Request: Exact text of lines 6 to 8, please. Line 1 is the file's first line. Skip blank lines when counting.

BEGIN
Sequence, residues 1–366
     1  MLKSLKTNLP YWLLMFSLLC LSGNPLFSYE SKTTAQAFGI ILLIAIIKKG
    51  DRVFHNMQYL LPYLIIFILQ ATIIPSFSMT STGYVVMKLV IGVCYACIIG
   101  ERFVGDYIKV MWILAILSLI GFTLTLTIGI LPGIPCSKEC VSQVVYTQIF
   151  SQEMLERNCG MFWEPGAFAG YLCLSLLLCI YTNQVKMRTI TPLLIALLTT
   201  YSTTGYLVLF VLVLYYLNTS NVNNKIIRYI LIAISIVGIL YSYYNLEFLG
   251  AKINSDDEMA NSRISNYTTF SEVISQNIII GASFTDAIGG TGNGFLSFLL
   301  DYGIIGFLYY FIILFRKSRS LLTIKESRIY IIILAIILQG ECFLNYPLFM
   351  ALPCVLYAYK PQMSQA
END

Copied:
   201  YSTTGYLVLF VLVLYYLNTS NVNNKIIRYI LIAISIVGIL YSYYNLEFLG
   251  AKINSDDEMA NSRISNYTTF SEVISQNIII GASFTDAIGG TGNGFLSFLL
   301  DYGIIGFLYY FIILFRKSRS LLTIKESRIY IIILAIILQG ECFLNYPLFM